The past six weeks have been fairly volatile for the U.S. corporate bond market, with riskier segments coming under heavier pressure. Yields and credit spreads have been tossing and turning on higher core inflation and geopolitical concerns. Temporary aberrations notwithstanding, we detect enough early warning signals in corporate credit metrics to continue our cautionary stance on the sector, particularly for the high yield segment.
A series of ugly core CPI inflation readings have raised inflation concerns and with central banks across the globe aiming to mop up excess liquidity, the standard prognosis holds: Economic growth should slow, dragging down profits and credit quality, thus exposing the deficiencies of the weakest issuers and elevating default rates. We expect that repeated volatility episodes will continue to dent the bond market's psyche, pushing spreads wider for riskier credits to more balanced tradeoff levels.
We remain concerned about a gradual deterioration in credit quality. With real GDP growth slowing to a below-trend 2.6% rate in the second half and into 2007, speculative-grade credit quality is likely to take a bigger and more visible hit, particularly since high yield issuers have been entering the bond-borrowing arena in greater force.
Thus, we expect to see a widening credit divergence between the high yield and high-grade market, since companies in the latter segment have larger cash cushions to weather any liquidity squeeze. We expect the 12-month speculative-grade default rate to rise to 2.5% by yearend from 1.7% rate seen in June, with a further trek upward to 4.0% by yearend 2007.
If the Fed rests its case at a 5.5% fed funds target by August, we could see a small relief rally in financial markets. While the Fed Chairman's recent testimony and the Beige Book release were somewhat calming, we expect that liquidity conditions should tighten perceptibly, with key central banks across the globe in a synchronized tightening mode. Already, swap spreads have moved up in the face of an inverted Treasury yield curve which is typically associated with tighter lending conditions and declines in credit quality.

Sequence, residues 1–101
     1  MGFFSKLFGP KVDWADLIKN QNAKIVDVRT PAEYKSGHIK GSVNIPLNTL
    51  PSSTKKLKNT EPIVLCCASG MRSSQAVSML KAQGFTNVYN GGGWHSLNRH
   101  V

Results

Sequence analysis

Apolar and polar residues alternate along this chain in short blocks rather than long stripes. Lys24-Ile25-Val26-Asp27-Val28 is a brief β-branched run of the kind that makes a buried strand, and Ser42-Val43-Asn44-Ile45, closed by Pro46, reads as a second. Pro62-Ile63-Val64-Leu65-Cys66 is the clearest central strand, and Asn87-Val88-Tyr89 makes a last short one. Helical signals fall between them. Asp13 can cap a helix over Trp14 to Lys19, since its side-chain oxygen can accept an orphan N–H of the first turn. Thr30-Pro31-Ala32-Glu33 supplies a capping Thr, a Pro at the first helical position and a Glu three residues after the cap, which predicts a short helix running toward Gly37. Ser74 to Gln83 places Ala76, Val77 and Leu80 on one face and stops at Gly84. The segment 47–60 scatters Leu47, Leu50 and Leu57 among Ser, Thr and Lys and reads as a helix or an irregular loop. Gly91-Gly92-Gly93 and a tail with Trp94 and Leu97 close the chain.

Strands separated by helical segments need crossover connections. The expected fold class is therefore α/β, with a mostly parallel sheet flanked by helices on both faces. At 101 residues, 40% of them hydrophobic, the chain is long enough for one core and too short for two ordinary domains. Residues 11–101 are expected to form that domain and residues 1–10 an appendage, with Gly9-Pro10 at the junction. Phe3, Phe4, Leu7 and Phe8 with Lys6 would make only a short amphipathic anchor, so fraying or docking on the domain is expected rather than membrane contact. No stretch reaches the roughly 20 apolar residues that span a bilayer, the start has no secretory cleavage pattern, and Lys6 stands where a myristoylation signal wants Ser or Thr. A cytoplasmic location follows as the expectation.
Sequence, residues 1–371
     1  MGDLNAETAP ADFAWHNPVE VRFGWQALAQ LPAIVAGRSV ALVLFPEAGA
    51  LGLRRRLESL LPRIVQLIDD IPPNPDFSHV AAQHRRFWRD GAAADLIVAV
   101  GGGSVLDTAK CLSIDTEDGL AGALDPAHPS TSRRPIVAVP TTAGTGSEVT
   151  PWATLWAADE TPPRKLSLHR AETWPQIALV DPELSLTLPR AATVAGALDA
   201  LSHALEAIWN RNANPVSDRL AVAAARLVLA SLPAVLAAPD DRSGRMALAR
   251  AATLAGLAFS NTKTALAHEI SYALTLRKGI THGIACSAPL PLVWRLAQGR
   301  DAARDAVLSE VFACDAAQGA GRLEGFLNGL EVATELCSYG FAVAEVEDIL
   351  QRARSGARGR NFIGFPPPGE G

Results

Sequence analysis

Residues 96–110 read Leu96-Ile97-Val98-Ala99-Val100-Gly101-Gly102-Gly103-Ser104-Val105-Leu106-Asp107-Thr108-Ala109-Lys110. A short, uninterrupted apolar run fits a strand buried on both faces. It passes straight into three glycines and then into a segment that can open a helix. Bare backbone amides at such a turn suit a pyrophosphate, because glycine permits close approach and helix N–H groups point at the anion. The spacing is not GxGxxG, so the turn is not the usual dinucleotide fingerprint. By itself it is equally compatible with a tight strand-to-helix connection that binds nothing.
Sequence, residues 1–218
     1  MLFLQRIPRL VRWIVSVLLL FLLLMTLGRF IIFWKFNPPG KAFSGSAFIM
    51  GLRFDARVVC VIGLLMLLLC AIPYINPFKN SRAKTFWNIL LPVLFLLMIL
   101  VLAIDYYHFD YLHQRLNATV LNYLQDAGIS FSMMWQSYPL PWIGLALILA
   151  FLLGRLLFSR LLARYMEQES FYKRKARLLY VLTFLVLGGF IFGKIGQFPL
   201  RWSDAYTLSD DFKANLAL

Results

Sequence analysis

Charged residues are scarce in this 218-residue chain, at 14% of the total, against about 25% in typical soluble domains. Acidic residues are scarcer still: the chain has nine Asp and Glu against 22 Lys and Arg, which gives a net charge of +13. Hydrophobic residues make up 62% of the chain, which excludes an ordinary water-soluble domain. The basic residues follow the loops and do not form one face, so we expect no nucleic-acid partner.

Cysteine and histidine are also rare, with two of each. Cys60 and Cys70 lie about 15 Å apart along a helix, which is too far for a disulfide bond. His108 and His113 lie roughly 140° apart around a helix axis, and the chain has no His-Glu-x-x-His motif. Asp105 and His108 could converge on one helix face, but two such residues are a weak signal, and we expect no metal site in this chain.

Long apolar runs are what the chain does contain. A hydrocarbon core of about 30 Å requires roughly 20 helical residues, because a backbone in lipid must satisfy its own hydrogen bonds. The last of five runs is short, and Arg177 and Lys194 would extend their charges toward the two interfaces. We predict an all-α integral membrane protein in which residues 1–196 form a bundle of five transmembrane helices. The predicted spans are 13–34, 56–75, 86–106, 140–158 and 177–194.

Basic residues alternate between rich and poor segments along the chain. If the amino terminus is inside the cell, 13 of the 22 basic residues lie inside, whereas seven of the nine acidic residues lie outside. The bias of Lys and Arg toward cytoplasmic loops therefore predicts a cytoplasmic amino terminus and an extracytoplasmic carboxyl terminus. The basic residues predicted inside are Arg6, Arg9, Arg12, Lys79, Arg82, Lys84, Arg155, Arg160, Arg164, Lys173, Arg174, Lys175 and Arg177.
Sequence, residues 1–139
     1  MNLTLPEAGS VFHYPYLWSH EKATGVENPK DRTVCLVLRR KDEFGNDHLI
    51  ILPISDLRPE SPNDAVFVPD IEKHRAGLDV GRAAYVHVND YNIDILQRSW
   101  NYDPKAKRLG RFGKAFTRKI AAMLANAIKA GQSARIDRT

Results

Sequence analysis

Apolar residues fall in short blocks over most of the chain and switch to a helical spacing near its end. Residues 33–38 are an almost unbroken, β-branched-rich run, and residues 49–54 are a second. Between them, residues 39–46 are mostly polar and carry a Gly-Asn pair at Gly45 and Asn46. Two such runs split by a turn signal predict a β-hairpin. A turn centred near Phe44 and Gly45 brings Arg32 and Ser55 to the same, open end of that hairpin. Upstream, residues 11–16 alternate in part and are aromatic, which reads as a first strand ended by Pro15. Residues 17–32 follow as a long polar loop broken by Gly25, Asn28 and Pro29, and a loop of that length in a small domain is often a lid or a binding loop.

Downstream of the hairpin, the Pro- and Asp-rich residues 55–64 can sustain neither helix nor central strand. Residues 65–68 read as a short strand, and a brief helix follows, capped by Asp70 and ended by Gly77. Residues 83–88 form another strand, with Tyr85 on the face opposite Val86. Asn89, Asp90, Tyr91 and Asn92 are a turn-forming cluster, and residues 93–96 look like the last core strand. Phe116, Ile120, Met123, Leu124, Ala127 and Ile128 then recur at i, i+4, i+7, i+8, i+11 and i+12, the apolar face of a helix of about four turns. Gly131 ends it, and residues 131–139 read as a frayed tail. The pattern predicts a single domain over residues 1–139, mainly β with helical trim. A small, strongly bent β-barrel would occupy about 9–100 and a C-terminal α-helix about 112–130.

With benchmark yields in major countries creeping up, an orderly decline in risk appetite should emerge, which augurs an increase in corporate bond yields and wider spreads, holding down bond market returns in the process. The risk is that a vicious cycle could take hold, particularly since firmer core CPI inflation—we forecast 2.5% for 2006 and 2.4% for 2007—will dent real returns and also keep Fed uncertainty in play.
Supply metrics and the shareholder-friendly philosophy infiltrating corporate boardrooms is another bond market negative. Bond issuance has been running strong thus far in 2006, spurred on by the continued strength of share-buyback activity, along with vigorous M&A activity and leveraged buyout financing. Nonfinancial firms will likely need to borrow more aggressively to finance expansion plans, replace aging capital, and stay competitive.
While we see mixed readings in the current credit environment, our expectation is that the negative features will slowly gain more traction, denting the longer-run credit outlook. Negative elements in the current credit environment include the economic slowdown underway alongside stronger inflation, the liquidity drainage in progress from the Fed and other major central banks, and the prospect of higher long-term interest rates.
On the positive front, corporate credit fundamentals look sound, with strong earnings growth and profitability, coupled with healthy balance-sheet positions. However, companies have been buying back their stocks at a rapid clip and recent reports suggest that debt issuance is being increasingly deployed for stock repurchases and raising dividends. Such actions increase leverage without increasing bond repayment abilities, further marring the credit quality outlook.
In view of our expectations of rising interest rates, wider spreads, and slower economic growth, we expect that corporate bonds returns are likely to come under renewed pressure. Thus, to reiterate the theme from prior sections, until valuations adjust, it would be prudent to maintain a defensive credit strategy during the next few quarters.